This blog was written by Sara Barczak, former Regional Advocacy Director with the Southern Alliance for Clean Energy.Guest Blog | August 7, 2013
Over this past week, the news in Florida has been all nuclear, all the time. And another headline for this blog could be, “Another one bites the dust” as the much-touted, so-called “nuclear renaissance” continues to crumble in the state.
Just last February, Duke wisely announced that they would not pursue further repairs to the Humpty Dumpty Crystal River 3 reactor after Progress botched the job starting back in 2009, spending billions in the process. Then in May, the Florida State Legislature passed a modest bill, SB1472, that attempted to fix some of the many wrongs in a statute that allows utility customers to be charged in advance for the construction costs for new nuclear reactors. Now the big “new” nuclear news in Florida began last Thursday with the major announcement by Duke Energy Florida (DEF) that they are canceling the $25 billion-and-climbing new Toshiba-Westinghouse AP1000 two-reactor proposal in Levy County.
The perpetually plagued Levy Co. reactor proposal experienced skyrocketing costs and was nearly a decade delayed on its in-service dates. Like Crystal River 3, Duke inherited this misguided proposal from the recent merger with Progress Energy. SACE issued a media statement and held a media teleconference expressing our support of this long-overdue cancellation decision by Duke, but noted serious concerns about the impacts this will have on Florida ratepayers.
And we were not alone in expressing our dismay; many others in the news world and the political arena weighed in as well. Several reactions included shock and disgust at the appalling situation that has befallen Floridians because of years of many bad decisions by a wide range of players from the State Legislature to the Public Service Commission to the big power companies themselves.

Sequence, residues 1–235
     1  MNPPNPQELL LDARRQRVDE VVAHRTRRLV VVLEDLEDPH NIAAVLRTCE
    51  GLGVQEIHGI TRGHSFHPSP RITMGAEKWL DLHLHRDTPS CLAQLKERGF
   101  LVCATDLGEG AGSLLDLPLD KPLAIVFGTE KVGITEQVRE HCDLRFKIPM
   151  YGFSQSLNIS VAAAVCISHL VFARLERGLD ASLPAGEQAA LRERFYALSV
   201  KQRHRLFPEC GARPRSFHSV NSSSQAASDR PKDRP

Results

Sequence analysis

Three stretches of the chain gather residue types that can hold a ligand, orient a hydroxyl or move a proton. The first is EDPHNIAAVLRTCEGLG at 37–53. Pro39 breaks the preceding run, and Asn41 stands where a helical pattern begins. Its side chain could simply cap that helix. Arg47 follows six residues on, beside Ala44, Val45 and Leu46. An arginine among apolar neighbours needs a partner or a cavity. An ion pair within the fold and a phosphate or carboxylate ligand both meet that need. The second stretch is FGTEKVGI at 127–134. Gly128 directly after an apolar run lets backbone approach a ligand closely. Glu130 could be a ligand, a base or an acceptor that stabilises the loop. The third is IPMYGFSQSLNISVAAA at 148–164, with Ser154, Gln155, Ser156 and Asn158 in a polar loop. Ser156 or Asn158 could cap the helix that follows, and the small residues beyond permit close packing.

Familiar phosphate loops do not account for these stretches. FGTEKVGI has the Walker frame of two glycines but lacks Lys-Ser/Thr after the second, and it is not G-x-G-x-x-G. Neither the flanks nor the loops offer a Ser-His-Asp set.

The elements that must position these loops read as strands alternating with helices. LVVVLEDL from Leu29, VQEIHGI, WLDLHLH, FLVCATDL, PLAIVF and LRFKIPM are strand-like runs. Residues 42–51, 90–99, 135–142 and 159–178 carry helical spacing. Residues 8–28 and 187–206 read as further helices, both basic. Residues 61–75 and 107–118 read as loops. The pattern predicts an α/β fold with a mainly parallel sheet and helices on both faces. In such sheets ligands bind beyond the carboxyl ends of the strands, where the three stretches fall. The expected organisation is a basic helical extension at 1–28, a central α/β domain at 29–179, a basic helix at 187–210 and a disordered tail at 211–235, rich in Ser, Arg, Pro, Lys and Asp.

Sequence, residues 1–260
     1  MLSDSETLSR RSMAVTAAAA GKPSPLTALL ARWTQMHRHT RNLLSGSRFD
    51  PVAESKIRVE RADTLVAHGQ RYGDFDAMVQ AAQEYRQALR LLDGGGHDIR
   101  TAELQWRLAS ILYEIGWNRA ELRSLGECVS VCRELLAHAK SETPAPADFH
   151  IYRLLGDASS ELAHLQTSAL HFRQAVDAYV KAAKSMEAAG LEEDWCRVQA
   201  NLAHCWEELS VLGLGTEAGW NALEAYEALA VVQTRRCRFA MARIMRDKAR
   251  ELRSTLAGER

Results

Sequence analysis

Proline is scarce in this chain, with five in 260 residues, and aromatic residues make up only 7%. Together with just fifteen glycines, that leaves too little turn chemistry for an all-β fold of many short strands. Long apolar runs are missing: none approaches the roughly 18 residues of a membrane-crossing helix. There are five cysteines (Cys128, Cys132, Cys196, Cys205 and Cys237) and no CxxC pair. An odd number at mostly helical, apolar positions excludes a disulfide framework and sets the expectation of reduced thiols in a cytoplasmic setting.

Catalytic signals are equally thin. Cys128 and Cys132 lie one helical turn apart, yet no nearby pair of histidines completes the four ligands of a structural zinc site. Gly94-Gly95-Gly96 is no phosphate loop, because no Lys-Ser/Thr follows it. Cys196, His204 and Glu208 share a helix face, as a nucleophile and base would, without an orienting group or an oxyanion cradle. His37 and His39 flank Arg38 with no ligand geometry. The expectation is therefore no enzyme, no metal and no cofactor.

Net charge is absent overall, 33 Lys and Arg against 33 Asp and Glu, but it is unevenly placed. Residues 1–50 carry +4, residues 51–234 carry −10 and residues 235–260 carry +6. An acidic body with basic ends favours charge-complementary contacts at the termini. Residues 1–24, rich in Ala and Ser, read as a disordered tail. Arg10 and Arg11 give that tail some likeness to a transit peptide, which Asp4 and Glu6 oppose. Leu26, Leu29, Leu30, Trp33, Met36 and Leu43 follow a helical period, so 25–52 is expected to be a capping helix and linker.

Robert Trigaux, business columnist with the Tampa Bay Times, issued one of the most scathing accounts of this nuclear boondoggle. Here’s a short blurb (but we encourage you to read it in full, preferably aloud, in order to get the full effect):
“Hey, elected clowns! Thanks for passing a law forcing Duke Energy customers to pay up to $1.5 billion in higher rates for a long proposed nuclear power plant in Levy County that will not be built.
And no, Florida customers, you’re not getting any of that money back.
The good news is that on Thursday Duke Energy finally ended the charade that Levy would ever open. The meter has finally stopped, though customers will be paying down the tab for years. …
If charging people in advance for private sector projects like nuclear power plants is such a clever, money-saving idea, why has it not caught fire as a way to finance any big, long-term project?
Because it is bogus. Because only monopolies, like electric utilities, can get away with such self-serving shams. Because private sector competition should decide what projects deserve to win or lose financial backing.”
The Tampa Bay Times has tracked this debacle steadfastly for years, and Ivan Penn’s coverage has been instrumental in documenting the nuclear foibles that have plagued Progress (now Duke) ratepayers. As he reported:
“As it turns out, they were all wrong. Progress Energy insisted its proposed nuclear power plant in Levy County would provide low-cost energy for generations.
The Legislature promised again and again that a new law forcing customers to pay in advance for the Levy project would get the plant built faster and cheaper, even as the delays piled up and the price soared.
On Thursday, the big talk ended. Duke Energy, Progress’ successor company, pulled the plug on Levy. There will be no cheap power.”